Jason Silverman's take on Hollywood SF movies is that they're too laden with expensive effects to get greenlighted. He points to the recent failure of The Fountain, and morosely concludes that Hollywood just isn't willing to do big-budget SF films like 2001 and Star Wars any more. Not that they were actually all that willing back in the day, either; somewhere in my stacks of stuff I have a copy of the MidAmericon (1976 Worldcon in Kansas City) progress report which contained a notice that some filmmaker by the name of George Lucas was bringing a rough cut of his upcoming SF film to the convention and would be selling props to try and raise money to complete production.
The thing about this article that bothers me is that Silverman doesn't seem to be very familiar with SF or with the history of the genre on video. Some of the most God-awful dreck Hollywood ever made has been SF that had a ton of money spent on FX, while some of the most excellent SF movies spent a lot more time on plot and character while not being real big on the FX. By the same token, the BBC has a long history of producing excellent SF series with laughably minimal FX budgets (Dr. Who being perhaps the best known) that have attracted sizable fan communities throughout the Anglosphere and beyond. So it's not that it can't be done; it's that Hollywood doesn't seem willing to give it a try. There are dozens of award-winning and popular SF stories that wouldn't require much in the way of FX; The Stars My Destination, for example, is a Bruce Willis vehicle waiting to happen, and could be very cheaply done since most of the action takes place on an Earth not too much advanced (technologically) from the one we're living in.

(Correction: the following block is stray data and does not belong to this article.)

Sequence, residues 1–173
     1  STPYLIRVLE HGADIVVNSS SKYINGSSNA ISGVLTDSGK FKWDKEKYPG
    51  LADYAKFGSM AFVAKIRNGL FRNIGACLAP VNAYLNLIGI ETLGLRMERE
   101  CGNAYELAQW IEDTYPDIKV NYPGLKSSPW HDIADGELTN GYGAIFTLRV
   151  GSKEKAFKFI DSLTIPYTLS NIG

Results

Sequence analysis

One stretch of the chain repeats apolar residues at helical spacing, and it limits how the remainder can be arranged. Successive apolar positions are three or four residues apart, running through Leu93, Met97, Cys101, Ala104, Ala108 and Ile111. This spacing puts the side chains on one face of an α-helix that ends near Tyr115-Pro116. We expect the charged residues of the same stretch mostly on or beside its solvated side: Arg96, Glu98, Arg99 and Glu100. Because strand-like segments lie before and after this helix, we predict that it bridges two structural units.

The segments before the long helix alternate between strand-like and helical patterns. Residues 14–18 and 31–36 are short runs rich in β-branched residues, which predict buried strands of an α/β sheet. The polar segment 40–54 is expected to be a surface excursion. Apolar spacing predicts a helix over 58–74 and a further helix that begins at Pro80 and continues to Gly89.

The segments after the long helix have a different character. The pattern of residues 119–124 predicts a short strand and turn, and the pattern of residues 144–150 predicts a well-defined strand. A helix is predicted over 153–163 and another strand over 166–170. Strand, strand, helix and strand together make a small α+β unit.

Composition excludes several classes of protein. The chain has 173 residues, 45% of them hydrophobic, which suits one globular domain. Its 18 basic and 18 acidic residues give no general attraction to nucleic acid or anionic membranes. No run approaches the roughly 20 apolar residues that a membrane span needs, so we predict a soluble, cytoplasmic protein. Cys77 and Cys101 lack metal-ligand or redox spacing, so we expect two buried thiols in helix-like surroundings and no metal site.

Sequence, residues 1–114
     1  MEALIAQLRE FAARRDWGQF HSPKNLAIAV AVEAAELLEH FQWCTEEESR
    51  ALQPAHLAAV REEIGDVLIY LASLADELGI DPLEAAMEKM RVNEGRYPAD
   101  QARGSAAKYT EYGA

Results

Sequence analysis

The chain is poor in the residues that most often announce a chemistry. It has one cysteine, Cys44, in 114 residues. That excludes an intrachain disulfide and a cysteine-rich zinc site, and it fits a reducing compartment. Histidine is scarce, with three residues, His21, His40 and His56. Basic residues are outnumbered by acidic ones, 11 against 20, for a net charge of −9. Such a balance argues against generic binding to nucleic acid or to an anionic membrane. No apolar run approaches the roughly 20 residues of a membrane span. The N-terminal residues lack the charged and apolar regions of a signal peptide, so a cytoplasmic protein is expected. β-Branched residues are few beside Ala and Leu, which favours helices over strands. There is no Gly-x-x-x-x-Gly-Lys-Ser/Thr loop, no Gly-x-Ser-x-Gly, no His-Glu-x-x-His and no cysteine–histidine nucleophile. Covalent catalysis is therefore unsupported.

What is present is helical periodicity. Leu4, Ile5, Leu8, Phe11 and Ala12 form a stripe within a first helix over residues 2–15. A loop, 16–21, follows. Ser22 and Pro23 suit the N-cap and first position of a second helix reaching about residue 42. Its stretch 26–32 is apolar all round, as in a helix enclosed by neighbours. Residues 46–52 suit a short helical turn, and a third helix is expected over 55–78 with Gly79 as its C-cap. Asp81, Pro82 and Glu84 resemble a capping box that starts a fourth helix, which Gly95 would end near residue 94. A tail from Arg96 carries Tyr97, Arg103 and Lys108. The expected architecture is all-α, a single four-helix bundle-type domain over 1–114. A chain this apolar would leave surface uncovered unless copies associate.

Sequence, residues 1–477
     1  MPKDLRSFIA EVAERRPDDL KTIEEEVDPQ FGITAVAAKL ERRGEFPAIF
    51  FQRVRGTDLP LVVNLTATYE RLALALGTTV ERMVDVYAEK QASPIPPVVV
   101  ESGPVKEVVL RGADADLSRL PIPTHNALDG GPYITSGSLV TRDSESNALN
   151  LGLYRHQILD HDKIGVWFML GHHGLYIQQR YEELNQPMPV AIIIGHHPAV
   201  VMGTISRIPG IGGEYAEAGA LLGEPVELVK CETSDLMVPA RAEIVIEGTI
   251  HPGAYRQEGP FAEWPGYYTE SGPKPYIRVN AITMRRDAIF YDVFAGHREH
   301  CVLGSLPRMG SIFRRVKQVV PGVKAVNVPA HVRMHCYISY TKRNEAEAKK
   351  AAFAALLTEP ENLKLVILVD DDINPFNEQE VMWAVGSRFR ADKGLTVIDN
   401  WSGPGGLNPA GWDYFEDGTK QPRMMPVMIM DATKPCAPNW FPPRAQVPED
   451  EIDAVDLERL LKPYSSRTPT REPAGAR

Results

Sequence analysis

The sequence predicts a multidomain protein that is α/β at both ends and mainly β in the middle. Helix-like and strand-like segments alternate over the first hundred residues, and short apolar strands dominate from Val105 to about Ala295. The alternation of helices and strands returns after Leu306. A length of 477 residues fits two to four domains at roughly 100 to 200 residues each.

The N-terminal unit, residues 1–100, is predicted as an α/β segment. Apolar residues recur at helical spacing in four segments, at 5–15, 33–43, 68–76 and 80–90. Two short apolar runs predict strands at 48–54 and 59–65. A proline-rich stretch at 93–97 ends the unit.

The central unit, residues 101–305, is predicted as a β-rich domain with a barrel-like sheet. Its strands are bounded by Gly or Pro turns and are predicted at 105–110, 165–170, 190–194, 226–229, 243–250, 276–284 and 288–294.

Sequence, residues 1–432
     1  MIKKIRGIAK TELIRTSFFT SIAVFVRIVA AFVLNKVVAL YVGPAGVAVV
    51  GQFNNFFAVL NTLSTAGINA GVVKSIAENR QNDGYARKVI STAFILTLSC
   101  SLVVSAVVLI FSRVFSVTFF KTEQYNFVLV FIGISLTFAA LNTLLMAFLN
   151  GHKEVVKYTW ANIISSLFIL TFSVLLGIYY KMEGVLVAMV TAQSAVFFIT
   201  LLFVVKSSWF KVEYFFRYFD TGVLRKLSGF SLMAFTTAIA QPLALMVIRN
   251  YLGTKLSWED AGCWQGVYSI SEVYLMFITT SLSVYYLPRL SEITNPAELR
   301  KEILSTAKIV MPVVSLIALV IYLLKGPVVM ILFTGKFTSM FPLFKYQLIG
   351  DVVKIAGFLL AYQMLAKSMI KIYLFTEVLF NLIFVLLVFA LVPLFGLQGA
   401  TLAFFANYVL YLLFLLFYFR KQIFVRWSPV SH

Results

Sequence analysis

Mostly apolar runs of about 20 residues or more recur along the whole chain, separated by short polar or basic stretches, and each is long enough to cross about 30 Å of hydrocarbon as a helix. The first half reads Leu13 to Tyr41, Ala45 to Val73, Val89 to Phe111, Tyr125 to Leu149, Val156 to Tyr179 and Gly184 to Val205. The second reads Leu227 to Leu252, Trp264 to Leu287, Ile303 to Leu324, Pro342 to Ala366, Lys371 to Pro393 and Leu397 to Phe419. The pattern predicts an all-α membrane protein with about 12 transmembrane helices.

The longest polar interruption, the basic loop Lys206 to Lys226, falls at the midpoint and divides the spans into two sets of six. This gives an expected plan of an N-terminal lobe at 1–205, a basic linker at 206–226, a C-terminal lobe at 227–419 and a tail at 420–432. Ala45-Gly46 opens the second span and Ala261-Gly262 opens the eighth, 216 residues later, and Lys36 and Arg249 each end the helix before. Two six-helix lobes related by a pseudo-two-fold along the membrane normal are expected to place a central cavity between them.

I got to this article by way of a post in Ed Driscoll's blog which notes that while making small-budget "indie" films that don't have to play in Peoria to be successful might work in a purely bottom-line sort of way, in the long term (and it won't be a very long term, either) that kind of filmmaking is going to destroy the infrastructure needed to make big-budget blockbusters. Ed doesn't say it, but essentially what they're doing at the major studios is voluntarily retreating to a 1950s B-movie mode of production.